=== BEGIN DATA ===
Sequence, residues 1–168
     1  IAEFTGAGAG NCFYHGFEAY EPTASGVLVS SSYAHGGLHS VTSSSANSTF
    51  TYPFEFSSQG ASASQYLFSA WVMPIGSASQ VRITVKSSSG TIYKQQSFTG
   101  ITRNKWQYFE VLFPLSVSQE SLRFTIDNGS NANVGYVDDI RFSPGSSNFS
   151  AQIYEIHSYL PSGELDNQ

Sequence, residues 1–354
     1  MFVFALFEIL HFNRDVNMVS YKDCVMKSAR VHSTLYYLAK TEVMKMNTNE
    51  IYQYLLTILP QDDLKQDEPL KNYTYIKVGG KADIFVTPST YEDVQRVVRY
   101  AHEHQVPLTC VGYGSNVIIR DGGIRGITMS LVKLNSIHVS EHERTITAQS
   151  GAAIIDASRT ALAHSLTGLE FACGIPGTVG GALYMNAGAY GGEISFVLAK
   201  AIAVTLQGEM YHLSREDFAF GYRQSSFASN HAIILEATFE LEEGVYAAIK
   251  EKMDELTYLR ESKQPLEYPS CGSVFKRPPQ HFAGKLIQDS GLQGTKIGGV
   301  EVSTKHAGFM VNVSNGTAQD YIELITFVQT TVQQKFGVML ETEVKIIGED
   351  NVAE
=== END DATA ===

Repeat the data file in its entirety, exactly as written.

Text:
Sequence, residues 1–168
     1  IAEFTGAGAG NCFYHGFEAY EPTASGVLVS SSYAHGGLHS VTSSSANSTF
    51  TYPFEFSSQG ASASQYLFSA WVMPIGSASQ VRITVKSSSG TIYKQQSFTG
   101  ITRNKWQYFE VLFPLSVSQE SLRFTIDNGS NANVGYVDDI RFSPGSSNFS
   151  AQIYEIHSYL PSGELDNQ

Sequence, residues 1–354
     1  MFVFALFEIL HFNRDVNMVS YKDCVMKSAR VHSTLYYLAK TEVMKMNTNE
    51  IYQYLLTILP QDDLKQDEPL KNYTYIKVGG KADIFVTPST YEDVQRVVRY
   101  AHEHQVPLTC VGYGSNVIIR DGGIRGITMS LVKLNSIHVS EHERTITAQS
   151  GAAIIDASRT ALAHSLTGLE FACGIPGTVG GALYMNAGAY GGEISFVLAK
   201  AIAVTLQGEM YHLSREDFAF GYRQSSFASN HAIILEATFE LEEGVYAAIK
   251  EKMDELTYLR ESKQPLEYPS CGSVFKRPPQ HFAGKLIQDS GLQGTKIGGV
   301  EVSTKHAGFM VNVSNGTAQD YIELITFVQT TVQQKFGVML ETEVKIIGED
   351  NVAE